The Yankees just saw the Orioles last week, and they will surely be glad to see their division rivals again. New York went into Baltimore and swept the O’s behind an avalanche of home runs, and they’ll get another chance to crush the AL East’s cellar dwellers in this four-game set, starting with a doubleheader later today.
Baltimore comes to the Bronx in the midst of a brutal stretch. They hosted the Astros after losing three in a row to the Yankees and dropped two of three to Houston, including a nightmarish 23-2 loss on Saturday. They’ve lost five of six and enter the series at 38-79, 37.5 games back of first in the division.
Let’s take a look at the pitching matchups.
Game One: James Paxton vs. Gabriel Ynoa
Paxton is coming off of a pair of strong starts, one of them last week, when he allowed just one run across 6.2 innings against the Orioles. I detailed a pitch mix change that could have helped Paxton improve post-trade deadline, namely, emphasizing his curveball more. With any luck, Paxton will be able to continue that good stretch of form against the overmatched Baltimore lineup.
The Yankees and Paxton should have the upper hand on Ynoa, who has not fared well in 2019. The 26-year-old right-hander owns a 1-6 record on the year, posting a 5.57 ERA in 76 innings. He’s struck out 47 and walked 21. He’s flitted between the bullpen and starting rotation this year, but hasn’t found much success in either role, allowing a 6.45 ERA as a starter and a 4.70 ERA as a reliever.
Game Two: Battle of the Bullpen Games
With another doubleheader among this packed stretch of schedule for the Yankees, they will again turn to a bullpen game. Chad Green just started a bullpen game on Saturday afternoon, so it wouldn’t be surprising to see him do it again two days later. Stephen Tarpley followed Green two days ago, but Green would need a new follower with Tarpley now on the IL.
The Orioles also do not have a starter listed for game two of Monday’s doubleheader, so it’s probably safe to assume both clubs will use relievers to bridge the nightcap. Tom Eshelman stands out as someone who could plausibly give the Orioles some length, having both started and relieved this year, albeit to the tune of a 6.39 ERA. Jimmy Yacabonis and David Hess have started at times as well, but Baltimore optioned both to Triple-A last week.
Game Three: Domingo German vs. John Means
German was uneven his last time out, surrendering three earned runs in five innings against the Blue Jays, fanning just three. Even so, German has pretty much been the Yankees’ best starter ever since he returned from a four-week IL stay. His only truly poor start since then was his 3.2-inning blowup against the Twins, in which he yielded eight runs. Otherwise, he hasn’t allowed more than three earned runs in a start since injury.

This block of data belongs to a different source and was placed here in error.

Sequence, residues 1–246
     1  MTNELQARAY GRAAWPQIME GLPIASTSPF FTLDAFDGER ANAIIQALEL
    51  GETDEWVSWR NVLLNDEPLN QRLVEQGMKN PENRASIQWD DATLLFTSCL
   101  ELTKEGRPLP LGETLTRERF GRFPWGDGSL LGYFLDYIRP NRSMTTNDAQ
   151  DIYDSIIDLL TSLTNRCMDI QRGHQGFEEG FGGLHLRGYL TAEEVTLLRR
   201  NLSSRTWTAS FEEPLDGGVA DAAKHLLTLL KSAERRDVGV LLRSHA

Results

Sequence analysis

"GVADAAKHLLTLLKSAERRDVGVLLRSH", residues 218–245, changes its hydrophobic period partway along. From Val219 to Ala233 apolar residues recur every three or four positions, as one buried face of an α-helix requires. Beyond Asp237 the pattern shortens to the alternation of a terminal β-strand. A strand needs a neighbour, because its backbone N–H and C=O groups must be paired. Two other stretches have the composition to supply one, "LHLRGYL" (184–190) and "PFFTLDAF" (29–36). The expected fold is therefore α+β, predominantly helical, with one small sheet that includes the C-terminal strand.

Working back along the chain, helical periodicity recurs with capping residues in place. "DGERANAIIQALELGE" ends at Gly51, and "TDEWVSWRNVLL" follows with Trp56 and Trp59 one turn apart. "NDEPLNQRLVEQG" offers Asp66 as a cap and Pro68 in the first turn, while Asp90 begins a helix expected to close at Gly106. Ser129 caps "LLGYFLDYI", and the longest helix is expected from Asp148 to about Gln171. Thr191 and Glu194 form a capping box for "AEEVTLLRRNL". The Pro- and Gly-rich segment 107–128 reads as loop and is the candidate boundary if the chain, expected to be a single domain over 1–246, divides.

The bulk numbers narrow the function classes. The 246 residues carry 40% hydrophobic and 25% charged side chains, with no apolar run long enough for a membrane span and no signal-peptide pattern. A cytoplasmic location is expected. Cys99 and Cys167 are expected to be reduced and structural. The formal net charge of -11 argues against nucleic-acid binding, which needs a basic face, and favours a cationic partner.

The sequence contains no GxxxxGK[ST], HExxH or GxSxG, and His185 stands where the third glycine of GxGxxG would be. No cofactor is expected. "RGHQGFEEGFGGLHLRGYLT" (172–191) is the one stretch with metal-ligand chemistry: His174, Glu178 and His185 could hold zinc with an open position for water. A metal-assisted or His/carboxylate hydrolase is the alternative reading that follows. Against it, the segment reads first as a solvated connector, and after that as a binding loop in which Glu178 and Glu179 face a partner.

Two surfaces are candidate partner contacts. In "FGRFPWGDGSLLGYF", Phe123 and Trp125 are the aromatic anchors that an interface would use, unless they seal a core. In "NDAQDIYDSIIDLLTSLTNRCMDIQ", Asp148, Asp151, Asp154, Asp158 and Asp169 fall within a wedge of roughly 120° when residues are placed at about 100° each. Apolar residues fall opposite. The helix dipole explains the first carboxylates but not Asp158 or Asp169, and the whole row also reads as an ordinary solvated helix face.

Means stands out as one of the most positive developments in what has otherwise been a very bleak campaign in Maryland. A 26-year-old southpaw, Means made the All-Star team as a rookie this season. He did not progress the minors with any sort of prospect buzz or pedigree, yet has managed a 3.36 ERA, good for a 140 ERA+, in his first full season. He’s struck out 83 batters against 28 walks in 101.2 innings.
He hasn’t excelled thanks to overpowering stuff. Per Statcast, his four-seam fastball, which he uses over half the time, has averaged just under 92 mph. He also features a slider and a changeup, both of which have held hitters to sub-.300 wOBA marks this season.
Plus command likely has helped Means succeed despite middling stuff. He ranks in 88th percentile among pitchers with at least 50 innings pitched in Baseball Prospectus’ called strikes above average metric, which serves a proxy for command.
Game Four: J.A. Happ vs. Dylan Bundy
Happ’s strange, frustrating season was exemplified in his last outing. He allowed three home runs to Toronto, though Danny Jansen’s three-run shot of Happ only came after the Yankees’ defense twice fumbled away what should have been the final out of the inning. Thus, Happ was saddled with six runs across five frames. He was shaky, and his final line was made even uglier than it perhaps should have been thanks to poor luck and homer issues.
On the other side, Bundy stands as one of the more deflating figures on the Orioles. Once an uber pitching prospect, Bundy has continued a long-standing legacy of young pitchers failing to reach their potential with Baltimore. The 26-year-old righty has a 93 ERA+ on his career, and a 94 ERA+ this year. That said, after adjusting for park environment and the Orioles’ miserable defense, Bundy actually rates fairly well by most value metrics. Baseball Reference pegs Bundy’s 2019 contributions at 1.8 WAR, while FanGraphs rates him for 1.3 WAR.